Modern digital data laws that balance law enforcement needs with privacy can create a model for the world
A consensus is emerging among technology companies, civil society, judges, law enforcement officials and other stakeholders on the need to modernize our country’s antiquated digital data laws. The Electronic Communications Privacy Act (ECPA) – enacted nearly 31 years ago – was written at a time when American industry’s technology, customer base and infrastructure were largely domestic. Congress never contemplated the need to establish rules for law enforcement to access data belonging to non-U.S. persons located abroad, or where technology companies are subject to conflicting legal obligations in another country.
As a result, technology companies, law enforcement and, ultimately, the courts are forced to choose between competing interpretations of an outdated statute. In the end, only Congress has the flexibility to chart a new path – one that ensures law enforcement can access critical evidence in a timely manner, protects individual privacy, respects the laws of other countries, fosters technological innovation, preserves the competitiveness of the American technology industry and sets an example that the rest of the world can emulate.
Today’s hearing in the U.S. House Judiciary Committee, which follows similar hearings held by the U.S. House Judiciary Committee last year and the U.S. Senate Judiciary Crime Subcommittee, provides an important opportunity to put Congress on a path toward doing just that. I commend Chairman Bob Goodlatte, Ranking Member John Conyers Jr., and the members of this committee for their continued leadership on this critical issue.
There are two important issues Congress needs to address.
First, how can U.S. law enforcement access information that belongs to non-U.S. persons located overseas? This question is central to a lawsuit we filed in December 2013. In that case, the U.S. Court of Appeals for the Second Circuit ruled that the Electronic Communications Privacy Act (ECPA) does not authorize U.S. law enforcement unilaterally to obtain a warrant for certain communications content stored overseas by Microsoft. Since the beginning, we have taken the position that the courts were not going to be the last – or even the most appropriate – branch to answer this question. Instead, Congress needs to act.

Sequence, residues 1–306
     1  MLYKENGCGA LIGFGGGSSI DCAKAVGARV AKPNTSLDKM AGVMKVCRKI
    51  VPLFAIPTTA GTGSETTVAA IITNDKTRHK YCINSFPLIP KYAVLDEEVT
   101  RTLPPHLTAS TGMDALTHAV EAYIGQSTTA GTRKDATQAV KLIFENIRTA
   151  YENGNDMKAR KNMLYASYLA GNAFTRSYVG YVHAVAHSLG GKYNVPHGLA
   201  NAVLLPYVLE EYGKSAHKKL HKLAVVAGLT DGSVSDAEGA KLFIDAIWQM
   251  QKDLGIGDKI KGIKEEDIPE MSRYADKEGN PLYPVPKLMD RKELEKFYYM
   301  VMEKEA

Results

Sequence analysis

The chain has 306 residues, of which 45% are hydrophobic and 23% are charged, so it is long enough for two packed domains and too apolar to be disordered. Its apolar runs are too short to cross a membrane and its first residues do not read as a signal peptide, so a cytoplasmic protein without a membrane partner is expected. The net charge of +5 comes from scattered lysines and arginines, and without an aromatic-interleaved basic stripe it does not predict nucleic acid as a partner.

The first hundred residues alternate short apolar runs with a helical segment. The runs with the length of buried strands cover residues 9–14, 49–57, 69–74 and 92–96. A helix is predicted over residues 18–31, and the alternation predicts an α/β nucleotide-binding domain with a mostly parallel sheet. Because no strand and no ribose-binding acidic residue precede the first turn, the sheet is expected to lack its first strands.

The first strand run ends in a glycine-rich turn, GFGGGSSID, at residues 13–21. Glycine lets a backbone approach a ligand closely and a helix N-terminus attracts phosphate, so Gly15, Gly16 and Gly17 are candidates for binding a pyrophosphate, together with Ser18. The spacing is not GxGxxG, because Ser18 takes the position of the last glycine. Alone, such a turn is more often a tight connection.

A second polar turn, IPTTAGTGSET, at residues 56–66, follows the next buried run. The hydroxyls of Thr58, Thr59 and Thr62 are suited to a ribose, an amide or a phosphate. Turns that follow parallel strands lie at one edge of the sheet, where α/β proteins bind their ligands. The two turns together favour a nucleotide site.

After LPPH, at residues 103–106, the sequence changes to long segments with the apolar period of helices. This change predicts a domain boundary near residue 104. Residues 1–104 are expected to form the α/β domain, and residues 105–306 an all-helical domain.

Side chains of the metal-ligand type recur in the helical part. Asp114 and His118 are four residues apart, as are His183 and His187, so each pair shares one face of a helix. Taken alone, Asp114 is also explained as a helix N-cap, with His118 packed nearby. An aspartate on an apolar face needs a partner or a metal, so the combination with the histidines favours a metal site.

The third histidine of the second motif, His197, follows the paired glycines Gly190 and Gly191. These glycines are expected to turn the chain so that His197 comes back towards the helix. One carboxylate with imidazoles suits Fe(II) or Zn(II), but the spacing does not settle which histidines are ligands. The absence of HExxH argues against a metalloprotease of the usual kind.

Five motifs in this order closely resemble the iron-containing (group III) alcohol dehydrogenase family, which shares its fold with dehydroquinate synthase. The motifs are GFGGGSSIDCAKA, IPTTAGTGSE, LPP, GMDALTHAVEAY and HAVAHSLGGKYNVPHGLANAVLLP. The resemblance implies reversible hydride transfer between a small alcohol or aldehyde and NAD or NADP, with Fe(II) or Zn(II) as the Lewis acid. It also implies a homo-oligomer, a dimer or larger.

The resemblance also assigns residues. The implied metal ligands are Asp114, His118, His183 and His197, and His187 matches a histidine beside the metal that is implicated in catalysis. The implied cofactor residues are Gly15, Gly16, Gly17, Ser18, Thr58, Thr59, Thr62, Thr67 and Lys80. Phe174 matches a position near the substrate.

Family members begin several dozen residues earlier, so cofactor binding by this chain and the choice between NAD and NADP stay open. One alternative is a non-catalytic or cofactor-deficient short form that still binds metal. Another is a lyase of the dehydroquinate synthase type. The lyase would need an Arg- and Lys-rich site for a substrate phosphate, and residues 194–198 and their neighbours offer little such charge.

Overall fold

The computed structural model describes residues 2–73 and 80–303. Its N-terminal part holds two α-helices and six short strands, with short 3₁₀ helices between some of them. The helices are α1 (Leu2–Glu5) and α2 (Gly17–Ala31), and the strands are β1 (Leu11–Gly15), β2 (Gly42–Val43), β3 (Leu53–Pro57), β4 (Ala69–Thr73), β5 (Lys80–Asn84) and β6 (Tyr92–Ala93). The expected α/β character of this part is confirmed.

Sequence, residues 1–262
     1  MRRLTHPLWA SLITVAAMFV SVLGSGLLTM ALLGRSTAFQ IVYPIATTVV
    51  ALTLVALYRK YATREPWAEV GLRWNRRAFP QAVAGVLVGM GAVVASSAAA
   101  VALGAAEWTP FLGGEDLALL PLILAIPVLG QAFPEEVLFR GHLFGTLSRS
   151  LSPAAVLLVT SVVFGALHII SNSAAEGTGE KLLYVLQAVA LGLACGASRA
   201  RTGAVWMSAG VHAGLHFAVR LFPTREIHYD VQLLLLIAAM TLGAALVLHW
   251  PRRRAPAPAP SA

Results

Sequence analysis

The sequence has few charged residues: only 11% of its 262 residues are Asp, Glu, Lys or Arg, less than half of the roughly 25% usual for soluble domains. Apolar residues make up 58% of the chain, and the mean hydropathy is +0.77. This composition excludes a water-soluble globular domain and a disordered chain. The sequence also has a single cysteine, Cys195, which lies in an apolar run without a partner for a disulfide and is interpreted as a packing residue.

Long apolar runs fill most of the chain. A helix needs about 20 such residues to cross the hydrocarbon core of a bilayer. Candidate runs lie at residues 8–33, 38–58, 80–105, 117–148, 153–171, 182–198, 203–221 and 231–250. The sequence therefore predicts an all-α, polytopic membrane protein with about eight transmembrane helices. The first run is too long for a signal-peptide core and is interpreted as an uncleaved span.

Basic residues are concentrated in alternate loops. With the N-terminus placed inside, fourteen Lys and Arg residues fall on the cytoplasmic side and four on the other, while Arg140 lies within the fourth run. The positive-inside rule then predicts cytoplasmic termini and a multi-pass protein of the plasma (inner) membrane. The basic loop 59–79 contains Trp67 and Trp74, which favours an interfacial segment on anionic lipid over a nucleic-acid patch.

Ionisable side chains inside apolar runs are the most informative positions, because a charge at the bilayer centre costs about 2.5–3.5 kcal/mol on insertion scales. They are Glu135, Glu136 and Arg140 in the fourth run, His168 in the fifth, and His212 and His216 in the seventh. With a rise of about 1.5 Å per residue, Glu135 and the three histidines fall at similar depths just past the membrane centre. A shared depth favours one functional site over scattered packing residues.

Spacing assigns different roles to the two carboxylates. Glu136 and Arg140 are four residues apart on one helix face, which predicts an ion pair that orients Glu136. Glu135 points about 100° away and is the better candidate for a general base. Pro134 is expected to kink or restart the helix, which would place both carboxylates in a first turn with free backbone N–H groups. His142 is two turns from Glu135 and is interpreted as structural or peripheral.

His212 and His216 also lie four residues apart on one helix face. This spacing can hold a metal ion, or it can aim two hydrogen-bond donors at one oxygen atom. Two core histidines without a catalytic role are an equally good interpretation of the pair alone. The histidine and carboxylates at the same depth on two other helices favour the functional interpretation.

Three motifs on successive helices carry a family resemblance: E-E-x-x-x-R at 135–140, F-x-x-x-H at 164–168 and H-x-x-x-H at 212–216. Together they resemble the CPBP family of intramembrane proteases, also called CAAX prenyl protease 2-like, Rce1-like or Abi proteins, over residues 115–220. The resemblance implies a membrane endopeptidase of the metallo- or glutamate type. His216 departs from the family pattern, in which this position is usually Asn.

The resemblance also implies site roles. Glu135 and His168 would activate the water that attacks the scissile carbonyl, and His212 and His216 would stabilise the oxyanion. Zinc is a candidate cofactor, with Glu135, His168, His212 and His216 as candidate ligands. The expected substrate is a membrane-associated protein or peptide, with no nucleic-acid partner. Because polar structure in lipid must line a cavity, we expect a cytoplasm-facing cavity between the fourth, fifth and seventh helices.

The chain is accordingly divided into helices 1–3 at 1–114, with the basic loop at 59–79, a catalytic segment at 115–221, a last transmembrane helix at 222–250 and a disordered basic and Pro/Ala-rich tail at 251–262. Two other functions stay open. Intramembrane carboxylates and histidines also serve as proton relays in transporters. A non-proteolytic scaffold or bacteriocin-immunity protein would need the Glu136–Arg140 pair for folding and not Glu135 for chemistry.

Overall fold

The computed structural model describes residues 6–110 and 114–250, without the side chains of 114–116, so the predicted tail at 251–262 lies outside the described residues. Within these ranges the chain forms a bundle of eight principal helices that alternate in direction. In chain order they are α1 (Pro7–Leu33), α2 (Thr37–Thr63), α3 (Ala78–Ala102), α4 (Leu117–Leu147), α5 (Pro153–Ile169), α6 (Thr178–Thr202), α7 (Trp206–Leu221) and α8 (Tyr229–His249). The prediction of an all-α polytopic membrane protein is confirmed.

The second issue concerns allied governments who face their own security threats and need a modern, timely mechanism to obtain digital evidence located in the United States. We have long advocated for the development of an international framework that provides reciprocal rights and protections to governments investigating serious criminal activity, recognizing that any modern legal framework must work in both directions.
Over the course of the past 12 months, we have been encouraged by the Department of Justice’s (DOJ) broadening work on these issues, including with other governments, starting with the United Kingdom. This has resulted in an important new agreement between our two countries that establishes a clear and accepted international framework when requesting data from American technology companies. In recent testimony, the DOJ articulated several principles that should guide congressional action on rules governing U.S. law enforcement’s cross-border access to digital evidence. The key to a successful formula, however, is that the U.S. be willing to adhere to the same standards and processes that are imposed on other allied governments.
As Congress explores options for modernizing the ability of U.S. law enforcement to access digital evidence across borders, there are a number of important considerations.
First, global technology companies can face conflicting legal obligations in other jurisdictions, in some cases resulting in significant fines or even imprisonment. These conflicts put technology companies in the impossible position of deciding whose law they will break.
Second, as these issues are debated in capitals around the world, it is important to remember that whatever Congress does will serve as a model for other countries to follow. In other words, the U.S. must be comfortable with other countries applying the same rules to Americans’ most sensitive digital information.
Finally, customer confidence in American technology overseas is dependent, in part, on their confidence that their data is protected by their country’s laws. Failing to respect other countries’ laws will weaken customer confidence and in turn undermine the industry’s global competitiveness by driving foreign customers to foreign products.
While important details remain to be worked out, we believe a solution is at hand that can serve the interests of law enforcement, the technology industry and, equally important, our customers.
Last year, the International Communications Privacy Act (ICPA) was introduced by Reps. Tom Marino and Suzan DelBene and Sens. Orrin Hatch, Chris Coons and Dean Heller to create a more durable legal framework, building on a previous proposal from the same sponsors. We understand the sponsors, including Rep. Hakeem Jeffries, are seeking to reintroduce the bill after incorporating input from a range of stakeholders, including the DOJ.
We need a modern framework, like ICPA, that allows international law enforcement agencies to do their jobs while respecting borders and the timeless values cherished by people around the world. We look forward to continuing to work with the ICPA sponsors in Congress and other members, companies, stakeholders and the DOJ in moving toward a solution.